‘Journeys through the Labyrinth’ workshop, under the University of Kent’s Creative Campus initiative, was an opportunity to learn more about the labyrinth and its use as a blueprint for a journey – whether through work, study, or major life decisions and transitions. The day included exploration of the history, meaning and impact of labyrinths in the world today, with a focus on reflection, creativity and spiritual development. As well as background information, and small and large group discussions, there were opportunities to walk both indoor and outdoor labyrinths in a day of personal journaling and reflection. The workshop was led by Lauren Artress, an Episcopal priest in the State of California and Founder and Creative Director of VeriditasJan Sellers, whose National Teacher Fellow project supported the creation of the beautiful Canterbury Labyrinth in the grounds of the University of Kent (see the picture gallery above) managed the event which doubled up as a pre-qualifying workshop for the labyrinth facilitator training weekend that followed. This training was led by Di Williams, Anglican minister and currently Chaplain at the University of Edinburgh. In 2008 Di was awarded an MBE for services to higher education including her interfaith and labyrinth work in Chaplaincy. Di is also a Veriditas Master Teacher and author of the book ‘Labyrinth – landscape of the Soul’ available at 0r Futher information about the University of Edinbugh Labyrinth can be found here on the Labyrinth Projects page.

The Canterbury Labyrinth is beautifully situated on the side of a wooded hill that looks down towards Canterbury Cathedral. The parallels with historical accounts of pilgrimage, in particular Chaucer’s Canterbury Tales, makes the concept of taking time out for journeying and personal reflection even more appropriate.

[nggallery id=9]


Welcome to the Walking the Labyrinth blog hosted by the University of Lincoln. This was created to support the growing interest for the use of labyrinths in teaching and learning in higher education. As well as this home page, the blog has four other areas; Labyrinth projects, Legends,  Links and the Gallery. Please explore the contents and feel free to click the Comment link below and make a contribution.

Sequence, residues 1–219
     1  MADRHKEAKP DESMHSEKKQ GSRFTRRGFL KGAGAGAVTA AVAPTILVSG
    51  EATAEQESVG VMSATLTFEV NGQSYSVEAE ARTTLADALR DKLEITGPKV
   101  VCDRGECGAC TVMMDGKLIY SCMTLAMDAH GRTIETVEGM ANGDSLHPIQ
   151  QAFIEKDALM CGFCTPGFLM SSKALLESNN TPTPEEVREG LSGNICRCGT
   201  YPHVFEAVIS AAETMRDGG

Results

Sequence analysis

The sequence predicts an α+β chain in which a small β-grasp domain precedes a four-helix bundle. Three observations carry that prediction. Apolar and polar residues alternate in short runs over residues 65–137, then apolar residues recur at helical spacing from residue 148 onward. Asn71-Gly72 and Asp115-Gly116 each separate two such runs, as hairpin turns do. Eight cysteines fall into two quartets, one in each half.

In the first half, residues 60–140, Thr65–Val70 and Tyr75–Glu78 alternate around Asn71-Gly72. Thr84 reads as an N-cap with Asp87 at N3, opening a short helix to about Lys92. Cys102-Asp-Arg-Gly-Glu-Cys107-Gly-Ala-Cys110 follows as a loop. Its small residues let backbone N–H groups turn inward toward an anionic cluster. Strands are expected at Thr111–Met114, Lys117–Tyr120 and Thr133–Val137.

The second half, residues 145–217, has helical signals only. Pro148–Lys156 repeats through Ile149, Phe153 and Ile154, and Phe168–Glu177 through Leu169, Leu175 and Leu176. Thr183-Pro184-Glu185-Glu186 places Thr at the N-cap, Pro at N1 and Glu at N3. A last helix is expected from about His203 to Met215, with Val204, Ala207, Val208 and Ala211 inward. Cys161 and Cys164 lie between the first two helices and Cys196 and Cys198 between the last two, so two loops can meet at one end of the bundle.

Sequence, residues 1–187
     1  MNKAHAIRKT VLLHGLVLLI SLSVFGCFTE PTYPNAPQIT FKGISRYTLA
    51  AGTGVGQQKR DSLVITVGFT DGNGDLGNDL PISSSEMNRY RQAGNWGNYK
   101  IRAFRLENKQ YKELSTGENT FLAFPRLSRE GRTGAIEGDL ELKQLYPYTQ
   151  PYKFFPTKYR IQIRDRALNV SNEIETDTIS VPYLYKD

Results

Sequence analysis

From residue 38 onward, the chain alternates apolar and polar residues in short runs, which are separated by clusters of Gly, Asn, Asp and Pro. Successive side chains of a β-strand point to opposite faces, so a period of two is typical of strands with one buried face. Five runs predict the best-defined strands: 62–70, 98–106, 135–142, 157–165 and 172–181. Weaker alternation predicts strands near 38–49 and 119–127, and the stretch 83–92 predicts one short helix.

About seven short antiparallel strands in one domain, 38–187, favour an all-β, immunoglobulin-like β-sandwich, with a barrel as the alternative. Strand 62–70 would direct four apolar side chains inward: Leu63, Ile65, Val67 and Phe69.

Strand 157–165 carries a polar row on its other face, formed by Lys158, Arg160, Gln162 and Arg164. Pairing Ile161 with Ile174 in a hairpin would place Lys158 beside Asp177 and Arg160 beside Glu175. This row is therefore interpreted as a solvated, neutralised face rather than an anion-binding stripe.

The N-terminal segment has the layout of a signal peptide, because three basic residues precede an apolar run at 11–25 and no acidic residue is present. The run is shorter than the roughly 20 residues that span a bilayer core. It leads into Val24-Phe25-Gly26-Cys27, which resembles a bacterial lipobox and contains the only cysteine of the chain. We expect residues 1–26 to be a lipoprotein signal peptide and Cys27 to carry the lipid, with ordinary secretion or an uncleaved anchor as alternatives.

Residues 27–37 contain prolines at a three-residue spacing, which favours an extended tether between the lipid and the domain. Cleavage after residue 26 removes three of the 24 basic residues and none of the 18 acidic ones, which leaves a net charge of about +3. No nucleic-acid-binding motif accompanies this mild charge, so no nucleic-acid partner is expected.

The origin of the labyrinth is shrouded in myth but the symbol appears to have ancient origins and in the 21st centruy people are rediscovering that walking a labyrinths can have many benefits. These include relaxation, stress or anger management, spiritual development, or simply to relax and take a quiet meditative break in the middle of a busy day with time out for oneself.

The use of the labyrinth as a teaching and learning resource has been led by Jan Sellers at the University of Kent, following on from the work of Di Williams at the University of Edinbugh.  Jan says “A labyrinth walk or workshop can contribute to modules and programmes and to personal and professional development in a variety of ways, adaptable for students and/or staff. Examples include: creativity (Creative Writing; Dance); reflection (MBA students; strategic planning); exploring values (educational development); reflection on a life journey or on experience and aspirations (any discipline).”  Click this link for futher details.

This Walking the Labryinth online information and support network is being developed by Sue Watling, Learning and Teaching Coordinator at the University of Lincoln. For any queries about this area please contact Sue on

The banner picture is by Jim Higham and shows the Canterbury Labyrinth in heavy frost at dawn on a crisp winter morning.